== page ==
By producing the only full length study of Oscar Wilde in the Irish context  Eibhear Walshe has filled a significant gap in both Wilde scholarship and turn of the century British studies more  generally. Created by the tendency of Victorianists and modernists to focus exclusively either on Ireland or on the rest of the United Kingdom  this de facto division has placed individuals and movements that in their own time participated in networks of publication and influence extending throughout  and beyond  the British archipelago in an artificially narrow geo political context. As a result  Wilde has until recently been viewed within the narrow context of metropolitan London  just as W. B. Yeats and George Moore  for instance  have tended to be fixed in Dublin.     Lamenting this gap between Irish and British studies is not to deny the value of the reclamation of Irish authors that has been perhaps the most influential trend in Irish studies over the past several decades as it has repatriated a range of figures from Burke  Swift  and Sheridan to Stoker  Bowen  and Beckett. But because Wilde s trials and punishment have been so central to work in British cultural history  even as the Irish have generally been less eager to reclaim Wilde than  say  James Joyce  Walshe s study both participates in Wilde s Irish repatriation and promotes a broader understanding of Wilde s life  work  and after life that can only be grasped within a transnational framework.    As always  Walshe s writing itself is a pleasure  and this new work offers a wealth of original research attending to what Walshe contends is the important  unfinished business  between Wilde and Ireland. The book s chronological narrative is extremely helpful  keeping the reader continually abreast of changes in Irish society  literary and representational conventions  and critical approaches to Wilde and his literature. Both Irish studies and Wilde studies will benefit greatly from having all this material not only available in one place but assembled into a continuous narrative in which the significance of certain repeated patterns and distinctive shifts become newly visible.    The uneven and ambivalent history of Wilde s repatriation mapped by Walshe stands in fascinating contrast to that of other similarly exiled and purloined Irish cultural figures over the second half of the twentieth century  including such other icons of gay history as Roger Casement  who was literally repatriated when his remains were reinterred in Ireland. Although Wilde s figure has been subject to these larger dynamics  Walshe makes clear that Wilde stirred up even greater ambivalence than Casement  since anxiety concerning Casement s sexuality was dispersed by raging debates concerning the authenticity of his diaries. Wilde  owing to the accident of history that made his name virtually synonymous with homosexuality  proved more difficult for even the most determined patriot to separate from his sexuality  even if many Irish writers and commentators have expended considerable ingenuity attempting to do so.    One of several fascinating patterns that Walshe maps across the periods and engagements with Wilde is of shifting emphases on some of the main characters in the Wilde story most particularly Wilde s mother  Speranza; his wife  Constance Wilde; and  of course  his lover  Lord Alfred Douglas in response to particular cultural agendas. Speranza  for instance  has repeatedly been used either to downplay Wilde s sexuality by making it in some way involuntary and pathological  a deplorable sexological hypothesis revived by Terry Eagleton in the 1990s  or to accommodate Wilde to a nationalist reading by making her his nationalist mentor  commanding him to come home with his shield or on it  thereby transforming Wilde s self defense into an expression of nationalist defiance.    Constance Wilde emerges from these chapters as a tragic figure in her own right. When Thomas Kilroy set out to write a play about Wilde  for instance  Constance eventually emerged at the play s center  a development that seems closely connected to the abuse accounts that at the time were beginning to flow from the Magdalene laundries  industrial schools  and numerous autobiographies and novels. Kilroy had initially sought to find in Wilde an emblematic victim of the institutional abuse to which all perceived sexual deviants had been subjected in mid twentieth century Ireland. But whether Wilde is construed as a queer martyr or an Irish martyr  he was decidedly a martyr to the English  and thus he proved of little use as a figure through which to interrogate Irish homophobia. Registering the new social attunement to female institutional victimization  however  Kilroy found himself unexpectedly magnetized by Constance Wilde s story  and the resultant shift in the Wilde triangle s center of tragic gravity from Oscar to Constance represents an antithesis to the conventional Wilde as victim story  even as Kilroy s play also preserves some sense of Wilde as victimized by emphatically demonizing Douglas.    As Walshe points out  however  Kilroy s antithesis to earlier nationalist representations of Wilde  in particular Michael MacLiammor s transnationally influential one man evocation of Wilde as Irish hero and martyr  rapidly gave way to a new synthesis that allowed for an imagined alliance between gay men and dissenting women in A Man of No Importance. The film s Wilde identified gay bus conductor and amateur theater director  Alfie  finds new courage through his identification with the fallen and unrepentant unwed mother  Ad le  whom he casts as Salome in his riskiest amateur Wilde production. Adele  he discovers to his surprise  has bravely backed her desires with acts despite the risks and with no apparent loss of her perfectly real sweetness  a revelation that leads Alfie to reconsider his own cruelly suppressed sexual desires.    A late development Walshe examines is the differing treatment of Lord Alfred Douglas by gay Irishmen  who tend to appreciate and validate the Wilde/Douglas bond. Irish nationalists have tended to demonize Douglas because they read him  as an English aristocrat  as a political metaphor. This history makes recent engagements of Irish gay men with Lord Alfred Douglas particularly moving  as contemporary gay commentators are notably unwilling to reduce Bosie to a figure for English dominance. Instead  as in Colm Tobin s tour de force reading of De Profundis  Bosie is read as an attractive if exasperating person in his own right  whose worth as a partner is demonstrated by the trouble Wilde went to defend their relationship.    Amid a flood of excellent new Wilde scholarship  this book crucially bridges areas of study heretofore disconnected by the uneven development of queer historiography in Ireland and the United Kingdom. Walshe s tireless and rewarding mining of the archives will fundamentally inform the next generation of scholarship in Irish studies  GLBTQ studies  studies on Wilde and a range of connected figures and issues  and modernist studies  where Walshe s work represents an important development in the larger renegotiation of Ireland s position within the transnational turn currently underway.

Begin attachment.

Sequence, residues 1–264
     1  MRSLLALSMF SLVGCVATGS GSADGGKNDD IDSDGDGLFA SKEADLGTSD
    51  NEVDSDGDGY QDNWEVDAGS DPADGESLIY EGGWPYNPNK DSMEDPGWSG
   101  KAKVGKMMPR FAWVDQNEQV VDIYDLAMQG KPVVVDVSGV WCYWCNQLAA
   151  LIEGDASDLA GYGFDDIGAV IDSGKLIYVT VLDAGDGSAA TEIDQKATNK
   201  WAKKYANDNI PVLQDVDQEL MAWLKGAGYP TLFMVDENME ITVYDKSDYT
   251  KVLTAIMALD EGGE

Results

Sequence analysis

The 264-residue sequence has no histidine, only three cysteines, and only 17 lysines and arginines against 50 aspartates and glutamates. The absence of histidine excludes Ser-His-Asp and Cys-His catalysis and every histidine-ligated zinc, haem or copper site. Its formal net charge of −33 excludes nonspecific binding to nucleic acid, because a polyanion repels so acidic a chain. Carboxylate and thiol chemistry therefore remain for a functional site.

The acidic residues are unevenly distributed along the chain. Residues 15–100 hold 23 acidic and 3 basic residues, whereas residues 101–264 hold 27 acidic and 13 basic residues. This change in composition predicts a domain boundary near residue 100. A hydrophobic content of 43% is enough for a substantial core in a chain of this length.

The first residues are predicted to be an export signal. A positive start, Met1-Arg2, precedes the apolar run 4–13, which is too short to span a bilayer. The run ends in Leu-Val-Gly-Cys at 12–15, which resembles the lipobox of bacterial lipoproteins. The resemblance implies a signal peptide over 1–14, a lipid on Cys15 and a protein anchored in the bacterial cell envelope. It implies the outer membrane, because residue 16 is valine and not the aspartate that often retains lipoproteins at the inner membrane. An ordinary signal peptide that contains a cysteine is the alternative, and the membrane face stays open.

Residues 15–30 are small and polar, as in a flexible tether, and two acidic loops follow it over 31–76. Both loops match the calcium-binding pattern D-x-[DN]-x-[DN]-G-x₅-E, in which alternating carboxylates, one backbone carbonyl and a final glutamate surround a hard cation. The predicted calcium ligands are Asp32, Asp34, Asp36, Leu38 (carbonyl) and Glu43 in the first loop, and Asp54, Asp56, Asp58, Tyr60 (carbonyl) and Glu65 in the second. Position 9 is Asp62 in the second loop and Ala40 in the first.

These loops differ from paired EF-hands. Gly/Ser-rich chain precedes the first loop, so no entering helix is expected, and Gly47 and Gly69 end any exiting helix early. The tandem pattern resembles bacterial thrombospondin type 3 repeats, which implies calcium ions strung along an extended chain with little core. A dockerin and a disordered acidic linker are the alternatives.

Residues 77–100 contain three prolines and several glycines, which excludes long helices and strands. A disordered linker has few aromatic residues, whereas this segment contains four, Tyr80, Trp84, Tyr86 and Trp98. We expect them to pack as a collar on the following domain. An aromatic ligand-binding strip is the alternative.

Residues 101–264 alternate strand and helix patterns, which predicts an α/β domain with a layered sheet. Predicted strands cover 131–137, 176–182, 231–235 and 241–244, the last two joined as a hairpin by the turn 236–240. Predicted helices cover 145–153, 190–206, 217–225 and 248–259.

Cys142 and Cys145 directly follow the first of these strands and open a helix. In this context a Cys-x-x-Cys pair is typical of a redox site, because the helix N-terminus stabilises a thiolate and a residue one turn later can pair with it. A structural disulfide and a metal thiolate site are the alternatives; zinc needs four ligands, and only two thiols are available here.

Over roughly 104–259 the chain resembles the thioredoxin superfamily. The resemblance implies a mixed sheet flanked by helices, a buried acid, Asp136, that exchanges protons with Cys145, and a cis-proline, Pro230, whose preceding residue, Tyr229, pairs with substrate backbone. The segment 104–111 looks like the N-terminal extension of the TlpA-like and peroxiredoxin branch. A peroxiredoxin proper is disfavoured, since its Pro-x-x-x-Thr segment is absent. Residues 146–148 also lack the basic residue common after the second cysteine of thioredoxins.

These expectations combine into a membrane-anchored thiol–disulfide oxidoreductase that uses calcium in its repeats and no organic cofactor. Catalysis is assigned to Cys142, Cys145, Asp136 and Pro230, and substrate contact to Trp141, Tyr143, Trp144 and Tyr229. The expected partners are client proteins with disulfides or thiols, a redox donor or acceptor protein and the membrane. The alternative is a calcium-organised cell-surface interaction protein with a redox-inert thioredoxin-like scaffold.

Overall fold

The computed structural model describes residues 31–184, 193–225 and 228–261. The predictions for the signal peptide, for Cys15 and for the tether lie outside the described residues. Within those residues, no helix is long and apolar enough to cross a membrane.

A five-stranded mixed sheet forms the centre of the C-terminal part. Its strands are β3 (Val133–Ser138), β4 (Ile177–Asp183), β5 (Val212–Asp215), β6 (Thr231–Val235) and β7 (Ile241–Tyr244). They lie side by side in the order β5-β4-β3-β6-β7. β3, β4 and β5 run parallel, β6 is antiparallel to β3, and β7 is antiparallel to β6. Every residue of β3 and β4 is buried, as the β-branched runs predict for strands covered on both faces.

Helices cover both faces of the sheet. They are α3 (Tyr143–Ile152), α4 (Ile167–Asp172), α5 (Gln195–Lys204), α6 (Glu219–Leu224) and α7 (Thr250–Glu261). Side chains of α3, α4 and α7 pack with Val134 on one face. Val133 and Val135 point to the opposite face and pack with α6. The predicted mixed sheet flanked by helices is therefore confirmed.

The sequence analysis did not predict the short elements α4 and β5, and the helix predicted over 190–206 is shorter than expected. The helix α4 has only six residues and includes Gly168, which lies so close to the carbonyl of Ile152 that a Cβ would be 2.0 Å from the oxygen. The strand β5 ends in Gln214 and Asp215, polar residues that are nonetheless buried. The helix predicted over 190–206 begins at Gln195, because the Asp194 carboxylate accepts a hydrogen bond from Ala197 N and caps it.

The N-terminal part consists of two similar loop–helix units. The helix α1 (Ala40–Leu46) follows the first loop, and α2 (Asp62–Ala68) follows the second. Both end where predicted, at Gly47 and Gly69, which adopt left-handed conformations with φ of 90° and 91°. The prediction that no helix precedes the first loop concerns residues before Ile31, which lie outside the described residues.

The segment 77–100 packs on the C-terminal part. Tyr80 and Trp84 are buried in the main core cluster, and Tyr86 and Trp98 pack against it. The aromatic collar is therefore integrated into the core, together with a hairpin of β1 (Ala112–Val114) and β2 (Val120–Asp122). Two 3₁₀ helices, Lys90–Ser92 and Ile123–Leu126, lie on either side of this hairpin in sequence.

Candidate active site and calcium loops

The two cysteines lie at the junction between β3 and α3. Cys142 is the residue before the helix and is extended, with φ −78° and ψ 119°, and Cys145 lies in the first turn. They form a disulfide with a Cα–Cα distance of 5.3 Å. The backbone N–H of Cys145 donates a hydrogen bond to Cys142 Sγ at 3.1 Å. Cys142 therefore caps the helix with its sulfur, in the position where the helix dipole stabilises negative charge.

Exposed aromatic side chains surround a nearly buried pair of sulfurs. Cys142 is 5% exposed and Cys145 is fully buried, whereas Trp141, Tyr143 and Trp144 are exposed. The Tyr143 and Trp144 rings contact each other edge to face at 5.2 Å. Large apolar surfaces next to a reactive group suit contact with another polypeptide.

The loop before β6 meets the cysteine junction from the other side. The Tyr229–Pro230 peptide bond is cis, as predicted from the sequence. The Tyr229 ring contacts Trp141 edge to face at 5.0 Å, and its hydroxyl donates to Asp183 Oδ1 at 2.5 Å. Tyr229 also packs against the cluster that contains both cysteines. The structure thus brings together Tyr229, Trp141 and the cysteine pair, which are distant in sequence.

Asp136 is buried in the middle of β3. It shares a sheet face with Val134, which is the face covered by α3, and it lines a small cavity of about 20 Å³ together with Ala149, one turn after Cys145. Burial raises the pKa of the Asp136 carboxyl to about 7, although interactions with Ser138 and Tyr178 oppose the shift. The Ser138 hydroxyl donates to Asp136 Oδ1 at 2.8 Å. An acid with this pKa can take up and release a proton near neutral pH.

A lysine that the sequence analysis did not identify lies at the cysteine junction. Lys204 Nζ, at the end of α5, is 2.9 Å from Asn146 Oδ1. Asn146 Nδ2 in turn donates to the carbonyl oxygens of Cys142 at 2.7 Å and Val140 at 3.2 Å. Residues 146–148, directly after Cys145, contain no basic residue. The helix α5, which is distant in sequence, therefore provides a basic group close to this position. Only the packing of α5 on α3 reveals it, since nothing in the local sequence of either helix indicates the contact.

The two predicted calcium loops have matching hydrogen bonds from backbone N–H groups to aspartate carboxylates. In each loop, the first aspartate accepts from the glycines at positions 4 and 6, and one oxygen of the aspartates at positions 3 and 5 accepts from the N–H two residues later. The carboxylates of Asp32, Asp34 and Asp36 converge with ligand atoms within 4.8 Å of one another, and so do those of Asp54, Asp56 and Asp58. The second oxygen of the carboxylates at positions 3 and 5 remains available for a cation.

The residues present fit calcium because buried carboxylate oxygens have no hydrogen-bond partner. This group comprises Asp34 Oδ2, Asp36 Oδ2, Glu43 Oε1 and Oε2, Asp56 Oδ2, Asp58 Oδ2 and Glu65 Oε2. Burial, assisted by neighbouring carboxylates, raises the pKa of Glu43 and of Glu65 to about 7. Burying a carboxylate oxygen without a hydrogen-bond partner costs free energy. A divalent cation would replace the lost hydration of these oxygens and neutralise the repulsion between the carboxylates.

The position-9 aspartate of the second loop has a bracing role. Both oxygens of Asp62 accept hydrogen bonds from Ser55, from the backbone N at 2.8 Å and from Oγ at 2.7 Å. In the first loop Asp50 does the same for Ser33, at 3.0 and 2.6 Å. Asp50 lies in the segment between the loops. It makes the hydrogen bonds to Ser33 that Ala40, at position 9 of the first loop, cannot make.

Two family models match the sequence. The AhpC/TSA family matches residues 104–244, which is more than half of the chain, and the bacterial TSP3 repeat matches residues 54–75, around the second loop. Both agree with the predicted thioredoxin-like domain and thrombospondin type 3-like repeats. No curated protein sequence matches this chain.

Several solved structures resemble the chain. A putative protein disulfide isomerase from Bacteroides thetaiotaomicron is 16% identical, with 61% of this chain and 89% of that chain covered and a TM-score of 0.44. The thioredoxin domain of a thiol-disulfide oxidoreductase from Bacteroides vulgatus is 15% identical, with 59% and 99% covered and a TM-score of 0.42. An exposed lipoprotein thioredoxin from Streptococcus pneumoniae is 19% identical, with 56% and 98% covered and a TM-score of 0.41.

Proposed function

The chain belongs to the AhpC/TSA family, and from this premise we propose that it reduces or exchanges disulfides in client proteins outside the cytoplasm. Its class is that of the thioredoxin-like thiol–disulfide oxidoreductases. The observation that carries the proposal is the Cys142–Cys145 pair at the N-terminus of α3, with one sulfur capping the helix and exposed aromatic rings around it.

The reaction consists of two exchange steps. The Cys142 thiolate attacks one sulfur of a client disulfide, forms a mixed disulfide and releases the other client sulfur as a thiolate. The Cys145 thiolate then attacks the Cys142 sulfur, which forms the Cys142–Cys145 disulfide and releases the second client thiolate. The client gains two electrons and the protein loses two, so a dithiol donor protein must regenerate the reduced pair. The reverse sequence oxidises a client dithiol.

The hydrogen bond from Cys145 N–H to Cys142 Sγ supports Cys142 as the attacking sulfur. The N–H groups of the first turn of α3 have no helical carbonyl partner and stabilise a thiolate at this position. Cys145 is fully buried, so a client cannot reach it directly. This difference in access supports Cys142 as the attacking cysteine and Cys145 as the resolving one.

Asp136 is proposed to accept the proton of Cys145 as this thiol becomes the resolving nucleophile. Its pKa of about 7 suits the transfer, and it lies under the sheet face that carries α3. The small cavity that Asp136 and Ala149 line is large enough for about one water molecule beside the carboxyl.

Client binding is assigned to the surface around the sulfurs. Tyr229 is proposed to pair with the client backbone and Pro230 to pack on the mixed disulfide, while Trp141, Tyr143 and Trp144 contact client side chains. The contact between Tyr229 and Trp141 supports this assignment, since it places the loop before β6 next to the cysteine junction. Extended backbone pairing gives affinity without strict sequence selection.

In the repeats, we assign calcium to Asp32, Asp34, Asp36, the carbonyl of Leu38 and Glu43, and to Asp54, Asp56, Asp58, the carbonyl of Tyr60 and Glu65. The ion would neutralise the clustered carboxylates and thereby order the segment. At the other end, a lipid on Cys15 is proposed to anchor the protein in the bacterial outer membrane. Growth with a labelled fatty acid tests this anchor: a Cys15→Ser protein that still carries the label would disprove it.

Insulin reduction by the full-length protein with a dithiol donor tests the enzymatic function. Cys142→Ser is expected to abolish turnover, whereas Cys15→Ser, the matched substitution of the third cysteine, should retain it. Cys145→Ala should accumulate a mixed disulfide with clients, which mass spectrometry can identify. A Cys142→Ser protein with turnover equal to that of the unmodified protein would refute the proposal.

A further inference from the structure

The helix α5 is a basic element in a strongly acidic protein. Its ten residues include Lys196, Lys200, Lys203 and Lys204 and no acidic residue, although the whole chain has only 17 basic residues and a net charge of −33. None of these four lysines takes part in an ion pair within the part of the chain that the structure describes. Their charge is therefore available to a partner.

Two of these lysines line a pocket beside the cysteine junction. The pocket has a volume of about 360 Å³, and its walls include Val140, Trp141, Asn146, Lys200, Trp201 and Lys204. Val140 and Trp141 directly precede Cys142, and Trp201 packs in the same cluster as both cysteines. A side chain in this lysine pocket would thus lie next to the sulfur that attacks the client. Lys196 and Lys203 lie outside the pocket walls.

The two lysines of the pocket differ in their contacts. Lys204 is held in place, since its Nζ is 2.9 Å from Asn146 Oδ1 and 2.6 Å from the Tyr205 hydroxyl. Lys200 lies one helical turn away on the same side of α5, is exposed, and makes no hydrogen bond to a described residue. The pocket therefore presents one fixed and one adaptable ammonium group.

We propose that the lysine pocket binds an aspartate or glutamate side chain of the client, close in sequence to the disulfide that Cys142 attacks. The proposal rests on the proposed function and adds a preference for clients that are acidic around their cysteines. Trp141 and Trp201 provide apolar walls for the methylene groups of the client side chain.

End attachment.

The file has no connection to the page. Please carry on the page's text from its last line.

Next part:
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  1 of 1 people found the following review helpful:
5 of 5 Oscar's Shadow September 18, 2014
Reviewer: Years Work in English Studies, vol 93, no 1, 2014 from UK  
Eibhear Walshe's Oscar's Shadow: Wilde, Homosexuality and Modern Ireland is an important book as it is probably the only complete study to date focusing upon Wilde's Irish context rather than placing him in, for instance, a London setting. There is emphasis upon Wilde's Irish nationalism, and the role of his mother Speranza and his wife Constance, whom Walshe depicts as a tragic figure. Amongst other matters, Walshe examines in detail reactions to Wilde in Ireland after his death and the issue of Irish homophobia. In short it is very difficult to do justice to this book and its depth of thought, plus its thorough mining of archival materials, in a brief paragraph, except to repeat that it is important and potentially transformative in Wilde studies, and few books on Wilde merit such high acclaim.